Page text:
CHARLOTTE, N.C. – The measure of a golf course is the quality of its champions. Using that as a yardstick, Quail Hollow Club takes its place among the iconic venues of the PGA Tour. The site of this week’s Wells Fargo Championship, Quail Hollow has made a steady rise through the ranks of highly-regarded Tour courses, culminating with hosting the 2017 PGA Championship. And the Charlotte club will welcome many of the best players in the world at the 2021 Presidents Cup.
Jason Day is the defending champion at the Wells Fargo, and he is one of eight major champions who have won at Quail Hollow, including Justin Thomas, who posted his first major triumph at the PGA two years ago.
David Toms (2003), Vijay Singh (2005), Jim Furyk (2006), Tiger Woods (2007), Rory McIlroy (2010, 2015) and Lucas Glover (2011) join Day and Thomas as major champions who have won here. And there are elite players without majors such as Rickie Fowler (2012) and Anthony Kim (2008), who has dropped off golf’s map, who also are Quail Hollow winners.
That said, the tournament has had its share of head-scratching winners, the most eye-opening of whom was Derek Ernst, who won in 2013 in a playoff over the equally anonymous David Lynn.
The Wells Fargo is in its relative infancy on the PGA Tour, starting in 2003 as the Wachovia Championship. However, Quail Hollow is no stranger to the Tour, hosting the Kemper Open from 1969 to ’79, but the original George Cobb design has disappeared. Tom Fazio effectively redesigned the course in 1997, and the new Quail Hollow received its first facelift in the summer of 2003 after Toms won the first Wachovia Championship.
Since then, there have been two more major projects – in 2014 and 2016 – in preparation for the PGA Championship. It seems as if Quail Hollow is almost always under construction and, in fact, there is a new back tee for the par-5 15th, which is expected to make it more difficult for players to reach the green in two.
All that earth moving, tree removal and sod laying have created a broad-shouldered, difficult layout. The reason why most players like Quail Hollow is that it’s an honest, straightforward course. There’s nothing hidden or tricky; quality shots are rewarded. Marginal-to-bad shots are equally penalized. Tour players appreciate that.
The last three holes – the 505-yard, par-4 16th, the 223-yard, par-3 17th and the 494-yard, par-4 18th, which are collectively known as the “Green Mile” – is one of the most demanding finishing stretches on the PGA Tour.
During the past few years, the Wells Fargo has been positioned in May, the week before the Players Championship. With the move of the PGA Championship to May and the Players to March, the Wells Fargo will be two weeks before the year’s second major.
In years past, the top players have flocked to Quail Hollow. Last year, six of the top 10 players in the Official World Golf Ranking entered the Wells Fargo. This year, for whatever reason, only three of the top 10 and 10 of the top 25 are in the field. Justin Rose (No. 2), who didn’t play last year, McIlroy (No. 4) and Fowler (No. 10) are the headliners this week. Phil Mickelson is also in the field.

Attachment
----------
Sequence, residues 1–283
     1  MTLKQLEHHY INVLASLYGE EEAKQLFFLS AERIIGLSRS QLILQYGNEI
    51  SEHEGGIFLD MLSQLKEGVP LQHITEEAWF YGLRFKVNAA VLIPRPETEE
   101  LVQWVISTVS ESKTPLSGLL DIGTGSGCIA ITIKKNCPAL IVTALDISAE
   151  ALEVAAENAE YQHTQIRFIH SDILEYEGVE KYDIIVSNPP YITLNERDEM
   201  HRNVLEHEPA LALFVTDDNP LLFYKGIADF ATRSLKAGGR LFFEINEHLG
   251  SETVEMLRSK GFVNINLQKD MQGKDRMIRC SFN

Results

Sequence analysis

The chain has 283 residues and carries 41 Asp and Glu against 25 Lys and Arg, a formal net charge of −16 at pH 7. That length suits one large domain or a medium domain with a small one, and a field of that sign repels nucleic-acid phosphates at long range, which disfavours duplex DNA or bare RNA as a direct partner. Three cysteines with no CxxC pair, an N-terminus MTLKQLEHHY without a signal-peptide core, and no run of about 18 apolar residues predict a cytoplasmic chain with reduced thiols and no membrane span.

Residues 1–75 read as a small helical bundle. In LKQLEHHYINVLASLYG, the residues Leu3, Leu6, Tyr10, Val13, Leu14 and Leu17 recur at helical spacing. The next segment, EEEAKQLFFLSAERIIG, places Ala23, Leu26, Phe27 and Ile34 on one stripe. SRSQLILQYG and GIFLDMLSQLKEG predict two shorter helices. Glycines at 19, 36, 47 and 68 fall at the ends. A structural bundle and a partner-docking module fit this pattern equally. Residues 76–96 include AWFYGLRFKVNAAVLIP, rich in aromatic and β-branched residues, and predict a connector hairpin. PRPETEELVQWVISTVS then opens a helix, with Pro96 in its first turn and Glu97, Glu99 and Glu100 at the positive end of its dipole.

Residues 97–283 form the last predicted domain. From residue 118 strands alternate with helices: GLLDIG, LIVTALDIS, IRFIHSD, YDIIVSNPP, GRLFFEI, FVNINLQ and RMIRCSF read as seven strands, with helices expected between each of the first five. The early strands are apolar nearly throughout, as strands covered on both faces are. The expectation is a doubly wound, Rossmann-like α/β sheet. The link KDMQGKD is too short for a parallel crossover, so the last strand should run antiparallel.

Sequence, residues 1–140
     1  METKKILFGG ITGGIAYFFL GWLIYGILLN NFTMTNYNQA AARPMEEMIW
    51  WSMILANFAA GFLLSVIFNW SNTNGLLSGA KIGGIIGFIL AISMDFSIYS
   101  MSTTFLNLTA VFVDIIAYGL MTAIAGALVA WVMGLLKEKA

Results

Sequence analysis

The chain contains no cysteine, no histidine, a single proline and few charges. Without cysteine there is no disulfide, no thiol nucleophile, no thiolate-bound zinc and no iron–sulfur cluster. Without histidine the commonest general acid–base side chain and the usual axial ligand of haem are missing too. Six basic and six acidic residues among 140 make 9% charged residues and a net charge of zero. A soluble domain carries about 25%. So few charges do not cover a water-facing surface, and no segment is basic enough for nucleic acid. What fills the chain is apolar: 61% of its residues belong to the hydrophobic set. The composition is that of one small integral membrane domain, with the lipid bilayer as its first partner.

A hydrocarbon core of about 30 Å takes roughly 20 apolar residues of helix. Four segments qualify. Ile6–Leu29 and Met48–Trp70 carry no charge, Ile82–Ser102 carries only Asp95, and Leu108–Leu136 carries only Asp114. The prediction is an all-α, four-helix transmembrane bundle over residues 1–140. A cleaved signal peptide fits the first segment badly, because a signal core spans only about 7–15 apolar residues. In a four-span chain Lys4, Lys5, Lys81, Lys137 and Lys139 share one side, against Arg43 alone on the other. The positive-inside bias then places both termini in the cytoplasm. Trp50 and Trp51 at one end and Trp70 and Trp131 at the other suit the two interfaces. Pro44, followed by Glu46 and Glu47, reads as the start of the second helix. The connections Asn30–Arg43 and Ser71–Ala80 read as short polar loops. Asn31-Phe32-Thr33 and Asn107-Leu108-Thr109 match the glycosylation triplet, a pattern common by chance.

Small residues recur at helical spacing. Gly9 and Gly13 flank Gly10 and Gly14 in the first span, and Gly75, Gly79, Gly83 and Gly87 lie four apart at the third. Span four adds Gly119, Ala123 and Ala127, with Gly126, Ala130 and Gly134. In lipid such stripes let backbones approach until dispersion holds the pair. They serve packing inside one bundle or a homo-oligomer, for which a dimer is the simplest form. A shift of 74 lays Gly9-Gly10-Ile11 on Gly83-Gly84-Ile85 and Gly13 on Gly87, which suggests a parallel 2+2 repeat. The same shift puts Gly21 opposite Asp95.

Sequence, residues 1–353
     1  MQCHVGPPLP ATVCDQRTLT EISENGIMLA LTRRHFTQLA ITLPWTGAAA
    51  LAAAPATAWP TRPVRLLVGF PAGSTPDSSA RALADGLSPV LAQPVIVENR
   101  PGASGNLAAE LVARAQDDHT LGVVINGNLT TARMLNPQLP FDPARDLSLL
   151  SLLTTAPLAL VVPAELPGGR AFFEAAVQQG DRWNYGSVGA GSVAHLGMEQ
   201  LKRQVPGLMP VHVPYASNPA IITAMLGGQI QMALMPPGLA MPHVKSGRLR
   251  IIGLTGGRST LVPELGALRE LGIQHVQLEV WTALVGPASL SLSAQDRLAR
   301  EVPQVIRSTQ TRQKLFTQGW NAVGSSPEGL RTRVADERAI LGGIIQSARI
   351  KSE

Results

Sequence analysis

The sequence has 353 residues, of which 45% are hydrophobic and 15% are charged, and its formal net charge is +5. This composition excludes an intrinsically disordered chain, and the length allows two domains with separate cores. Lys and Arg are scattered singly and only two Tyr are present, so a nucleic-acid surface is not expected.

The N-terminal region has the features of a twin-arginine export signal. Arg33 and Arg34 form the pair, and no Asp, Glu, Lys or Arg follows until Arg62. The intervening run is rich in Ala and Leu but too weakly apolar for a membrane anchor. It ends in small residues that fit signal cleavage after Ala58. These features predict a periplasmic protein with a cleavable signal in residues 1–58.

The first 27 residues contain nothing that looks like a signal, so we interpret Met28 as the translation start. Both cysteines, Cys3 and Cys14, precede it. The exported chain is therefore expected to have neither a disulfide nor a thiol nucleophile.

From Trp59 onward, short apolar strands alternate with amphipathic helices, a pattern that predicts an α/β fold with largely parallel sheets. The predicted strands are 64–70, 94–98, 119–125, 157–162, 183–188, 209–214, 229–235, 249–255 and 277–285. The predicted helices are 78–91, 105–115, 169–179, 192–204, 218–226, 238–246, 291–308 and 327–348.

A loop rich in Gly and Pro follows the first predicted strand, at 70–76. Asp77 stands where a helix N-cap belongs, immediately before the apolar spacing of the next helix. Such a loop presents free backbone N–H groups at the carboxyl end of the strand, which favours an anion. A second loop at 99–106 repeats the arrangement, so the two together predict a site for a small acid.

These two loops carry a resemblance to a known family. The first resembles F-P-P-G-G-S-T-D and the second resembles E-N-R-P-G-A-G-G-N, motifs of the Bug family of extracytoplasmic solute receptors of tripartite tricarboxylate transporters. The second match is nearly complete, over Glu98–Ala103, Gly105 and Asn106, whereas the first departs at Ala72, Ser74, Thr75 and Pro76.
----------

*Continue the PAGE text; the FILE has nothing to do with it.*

Surprisingly, Woods let the Friday deadline come and go without entering the Wells Fargo. The world No. 6 was expected to come to Charlotte, which now means that Woods won’t compete between his Masters victory April 14 and the PGA Championship on May 16-19. There has been talk that Woods’ back, which underwent a fourth round of surgery in 2017, is giving him problems after he was spotted walking gingerly. But the Woods camp has gotten the word out that there is nothing to worry about.
Because there were only four events between the Masters and PGA Championship, most of the top players will compete only once between the first two majors. So, the highly-ranked players aren’t dodging Quail Hollow; it’s just a matter of scheduling preference.
World No. 1 Dustin Johnson hasn’t played the Wells Fargo since 2011 and competed at the RBC Heritage in his native South Carolina on the week after the Masters, which likely will be his only event before the PGA. Brooks Koepka, who is No. 3, played with his brother, Chase, in last week’s Zurich Classic of New Orleans. Thomas (No. 5) was entered in the Wells Fargo but withdrew with a wrist injury.
Francesco Molinari (No. 7), Bryson DeChambeau (No. 8) and Xander Schauffele (No. 9) played the RBC Heritage. Jordan Spieth, who also played the Heritage, is contractually obligated to play next week’s AT&T Byron Nelson.
Which means that the opportunity presents itself for someone out of the top 10 to bag one of the biggest prizes on the PGA Tour. However, just because there are only a few of the game’s best players at the Wells Fargo, be certain not to count them out.
Mike Purkey has written about golf for more than 30 years for a number of publications, including Golf Magazine and Global Golf Post. He lives in Charlotte, N.C. Email: firstname.lastname@example.org; Twitter: @mikepurkeygolf